Now, maybe it’s just me, but I wouldn’t immediately have thought that “other consultations to support the government’s thinking” was a signal for “look!  Here’s the responses doc!” (updated 3.20pm)

2. Ah!  I see!  There’s an overview document (like there was for the original pack of consultations)  Right then: here’s a link to the overview.  Speed reading: first reaction?  Great flying spaghetti monster but it’s a complacent piece of spin.  Everything is for the best in the best of all possible worlds, and a committee of MPs has published a report but we’ve addressed “many” of their recommendations.  (As I recall, the Treasury Select Committee report wasn’t happy at all).  Not sanguine!

3.40 pm.  Aha!  I just had an email from the MTD correspondence address:

Dear stakeholder,

Thank you for responding to our consultations on Making Tax Digital last year. We’re extremely pleased with the level of response to the consultations and grateful for the time and effort that you took to send us your views.

A summary of feedback received, the government’s decisions and our next steps have been published today in six response documents on GOV.UK. If you’re short of time, we’ve also published a short overview which draws out the key conclusions from each of the consultations.

Over the consultation period, we held a number of events with interested parties to communicate and discuss the proposals, including face-to-face meetings, and webinars for the public and tax agents, which attracted over 3,000 participants. HMRC also attended a range of conferences and events to reach as many stakeholders as possible. Feedback from these events has also been considered as part of the formal consultation exercise.

Your input is important as it has not only informed the development of policy and draft legislation, but has also helped give us a clearer understanding of the needs of our customers as we implement Making Tax Digital.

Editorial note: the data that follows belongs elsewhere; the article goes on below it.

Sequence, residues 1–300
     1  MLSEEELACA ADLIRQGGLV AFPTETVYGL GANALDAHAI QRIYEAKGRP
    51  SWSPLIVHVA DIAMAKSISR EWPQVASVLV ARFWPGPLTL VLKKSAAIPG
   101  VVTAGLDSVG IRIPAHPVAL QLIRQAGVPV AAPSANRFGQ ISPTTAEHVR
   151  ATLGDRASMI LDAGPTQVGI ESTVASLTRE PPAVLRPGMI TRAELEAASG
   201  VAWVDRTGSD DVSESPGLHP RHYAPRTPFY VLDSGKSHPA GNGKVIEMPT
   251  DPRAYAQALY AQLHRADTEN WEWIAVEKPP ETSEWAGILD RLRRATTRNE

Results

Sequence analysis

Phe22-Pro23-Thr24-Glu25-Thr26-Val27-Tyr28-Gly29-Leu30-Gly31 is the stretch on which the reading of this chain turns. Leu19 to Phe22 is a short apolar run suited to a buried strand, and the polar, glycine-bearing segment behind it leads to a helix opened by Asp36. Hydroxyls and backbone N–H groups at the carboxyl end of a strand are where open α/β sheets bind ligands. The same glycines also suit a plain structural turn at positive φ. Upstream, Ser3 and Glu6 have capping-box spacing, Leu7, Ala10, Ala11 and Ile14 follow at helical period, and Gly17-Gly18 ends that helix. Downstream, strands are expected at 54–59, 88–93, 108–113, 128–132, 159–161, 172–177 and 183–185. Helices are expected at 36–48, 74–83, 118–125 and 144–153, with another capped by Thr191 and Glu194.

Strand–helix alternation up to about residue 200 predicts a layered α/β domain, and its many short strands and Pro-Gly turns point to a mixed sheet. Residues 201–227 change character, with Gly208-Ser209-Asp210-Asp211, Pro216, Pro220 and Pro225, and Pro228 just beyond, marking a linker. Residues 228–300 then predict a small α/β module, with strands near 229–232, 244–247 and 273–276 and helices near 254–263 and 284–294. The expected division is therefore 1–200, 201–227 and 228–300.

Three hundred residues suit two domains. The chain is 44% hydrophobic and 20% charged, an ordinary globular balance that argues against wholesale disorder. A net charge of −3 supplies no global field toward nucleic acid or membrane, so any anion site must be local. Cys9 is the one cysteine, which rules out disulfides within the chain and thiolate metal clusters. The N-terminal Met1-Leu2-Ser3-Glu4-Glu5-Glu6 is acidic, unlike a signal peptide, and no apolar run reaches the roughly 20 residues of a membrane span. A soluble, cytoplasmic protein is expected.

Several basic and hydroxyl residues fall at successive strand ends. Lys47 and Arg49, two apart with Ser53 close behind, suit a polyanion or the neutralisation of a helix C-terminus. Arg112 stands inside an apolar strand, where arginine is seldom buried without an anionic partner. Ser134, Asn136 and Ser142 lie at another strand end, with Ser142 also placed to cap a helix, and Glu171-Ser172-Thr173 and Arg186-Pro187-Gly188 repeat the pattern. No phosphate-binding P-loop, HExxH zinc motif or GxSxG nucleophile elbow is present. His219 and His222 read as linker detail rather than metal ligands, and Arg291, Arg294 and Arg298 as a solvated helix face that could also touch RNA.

Thank you again for your participation.

Jim Harra

Director General, Customer Strategy and Tax Design, HMRC

Onwards!  Next reading: the revised impact assessment.

4. The impact assessment.  Er, the admin burden savings figures have been revised.  A lot.  And, lo!  The transitional costs of £100m, £500m and £350m to 2020 add up to £950m.  Now, where have I seen that figure before…????

The MTDfB changes will contribute £945 million to the Exchequer by 2020 to 2021.

Oh yeah, that was it.

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Open consultations

January 12, 2017

Oh look, there are still seven open consultations on gov.uk relating to the policy area “tax and revenue”.  Of course, it’s a slightly different list of seven from the last time I looked…

(Employment Allowance: restricting the allowance from employers of ‘illegal workers’ closed on 3 January

Withdrawal of extra statutory concessions – technical note and call for evidence opened on 10th January and runs till 7th March)

However as yet there is no sign of the promised responses to the seven consultations on the “making tax digital” proposals. And weren’t we supposed to be able to try out the free software in “autumn 2016′?  Er, hello?